Among the sources they promoted and prototypes they proposed as exemplary were first and foremost the works executed in Athens by artists belonging to the Nazarene circle.[27] The work at the Russian church of Athens, Soteiras Lykodimou, by Ludwig Thiersch, who was also appointed professor at the School of Arts in Athens, was praised as a supreme example of the new “Hellenic Christian art.”[28] So, too, Alexander Maximilian Seitz’s work at the grand cathedral Church of the Annunciation in Athens soon became exemplary of the revival of icon painting in the modernized and Europeanized neo-Hellenic state.[29]

As the century progressed, and after King Otto’s expulsion (1862),[30] the proposed improvement of Byzantine art came to rely on a variety of other sources. Beyond Nazarene art and the long-favored Old Masters (especially Leonardo da Vinci, Raphael, Guido Reni, and Peter-Paul Rubens), the list of sources came to include Doré’s Bible illustrations and later the illustrations of Alexandre Bida, Heinrich Hofmann, Bernhard Plockhorst, as well as the paintings of Antonio Ciseri, all of which were copied by Greek artists in Greek orthodox churches well into the twentieth century.[31]

The few who voiced their opposition to these sources and to the uncritical adoption of the prototypes proposed, pointing out that they were foreign both to national identity and to Greek orthodox dogma, were instantly dubbed “retrogressives.”[32] They were ignored by the official authorities of the state, the state run School of the Arts, and the autocephalous Church of Greece, and the argumentation for the necessity for the improvement of Byzantine art prevailed. Yet, despite the presentation of the proposed sources as primarily effecting a formal and stylistic (aesthetic) improvement, allowing the “spiritual content of icons to remain unaffected,”[33] the engravings and artworks proposed and disseminated as models were more than stylistic prototypes. Closely connected to the Bavarian efforts to “recreate, or invent, a Byzantium that linked German culture with Classical Greece and the East,”[34] Nazarene art had been programmatically introduced in Greece during Otto’s reign.[35] But even beyond Nazarene art and the Bavarian program, the dissemination in Greece of other Christian artworks is safely known today to have been related to Great Power geopolitical strategies in the face of the Eastern Question.[36]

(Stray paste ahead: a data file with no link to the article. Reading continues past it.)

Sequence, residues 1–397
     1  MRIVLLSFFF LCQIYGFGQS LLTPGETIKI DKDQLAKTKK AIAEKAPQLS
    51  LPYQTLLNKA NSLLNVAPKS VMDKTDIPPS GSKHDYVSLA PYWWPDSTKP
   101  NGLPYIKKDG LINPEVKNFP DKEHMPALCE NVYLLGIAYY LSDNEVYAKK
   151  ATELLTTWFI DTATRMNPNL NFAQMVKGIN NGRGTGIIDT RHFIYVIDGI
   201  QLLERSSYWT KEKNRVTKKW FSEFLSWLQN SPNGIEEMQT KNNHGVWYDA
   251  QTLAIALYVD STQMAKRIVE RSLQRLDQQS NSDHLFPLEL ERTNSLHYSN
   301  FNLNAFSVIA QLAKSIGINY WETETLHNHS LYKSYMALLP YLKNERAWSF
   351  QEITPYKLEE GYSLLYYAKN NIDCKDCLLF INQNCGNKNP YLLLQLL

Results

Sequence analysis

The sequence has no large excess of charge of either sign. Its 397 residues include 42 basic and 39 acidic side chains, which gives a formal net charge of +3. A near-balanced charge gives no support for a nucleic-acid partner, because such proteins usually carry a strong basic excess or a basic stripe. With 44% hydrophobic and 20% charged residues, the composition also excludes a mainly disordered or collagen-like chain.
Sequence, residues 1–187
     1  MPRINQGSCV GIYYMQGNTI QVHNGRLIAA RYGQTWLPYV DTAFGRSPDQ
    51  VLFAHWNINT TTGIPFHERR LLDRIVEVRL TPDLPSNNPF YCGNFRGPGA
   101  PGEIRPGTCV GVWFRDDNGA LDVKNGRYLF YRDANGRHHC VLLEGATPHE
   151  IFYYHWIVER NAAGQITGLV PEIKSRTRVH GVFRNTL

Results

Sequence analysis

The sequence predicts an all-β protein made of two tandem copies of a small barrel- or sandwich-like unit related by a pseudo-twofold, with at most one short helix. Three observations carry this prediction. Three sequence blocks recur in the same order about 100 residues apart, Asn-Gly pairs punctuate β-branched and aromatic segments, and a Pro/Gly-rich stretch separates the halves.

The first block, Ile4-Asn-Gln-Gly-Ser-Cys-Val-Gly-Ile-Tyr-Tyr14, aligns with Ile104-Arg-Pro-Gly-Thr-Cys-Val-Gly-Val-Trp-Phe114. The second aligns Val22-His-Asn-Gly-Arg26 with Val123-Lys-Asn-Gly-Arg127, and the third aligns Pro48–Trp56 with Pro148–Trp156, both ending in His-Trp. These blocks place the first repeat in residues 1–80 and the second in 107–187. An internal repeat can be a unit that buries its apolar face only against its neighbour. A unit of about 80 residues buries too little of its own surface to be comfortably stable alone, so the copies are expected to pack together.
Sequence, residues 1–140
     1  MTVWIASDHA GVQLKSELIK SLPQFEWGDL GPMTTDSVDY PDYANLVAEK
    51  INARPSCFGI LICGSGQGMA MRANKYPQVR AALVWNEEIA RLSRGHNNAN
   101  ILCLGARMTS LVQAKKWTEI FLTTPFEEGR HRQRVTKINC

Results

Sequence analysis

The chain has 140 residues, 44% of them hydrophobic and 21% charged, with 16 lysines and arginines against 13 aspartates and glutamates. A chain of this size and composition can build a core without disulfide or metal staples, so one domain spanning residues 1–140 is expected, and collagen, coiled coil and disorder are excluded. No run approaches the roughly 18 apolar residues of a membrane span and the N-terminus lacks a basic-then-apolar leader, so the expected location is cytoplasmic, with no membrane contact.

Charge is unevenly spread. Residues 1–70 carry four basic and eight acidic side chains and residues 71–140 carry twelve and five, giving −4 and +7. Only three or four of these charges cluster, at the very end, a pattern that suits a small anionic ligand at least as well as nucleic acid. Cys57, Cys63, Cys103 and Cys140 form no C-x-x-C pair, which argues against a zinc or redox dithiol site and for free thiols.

The Cretan Question, Improved Byzantine Art, and the Sanctuary Screen Icons of the Monastery of Epanosifi
Cretans were well acquainted with Great Power geopolitical strategies in the East.[37] Engaged in an ongoing dual struggle for their freedom from Ottoman rule and for their union with Greece, Cretans frequently called on the Great Powers as they were “thinking on their strategies on the Eastern Question,” to consider Crete’s union with Greece.[38] While so doing, Cretans persistently underlined the religious character of their struggle. In their addresses to the Great Powers they referred to the “holy war of the Christian people of Crete,” and sent protests to the nations of “the Great Christian Powers” appealing to their philhellenic sentiment and noting in bitterness that the state officials of their countries had embarked οn an “anti-crusade.”[39]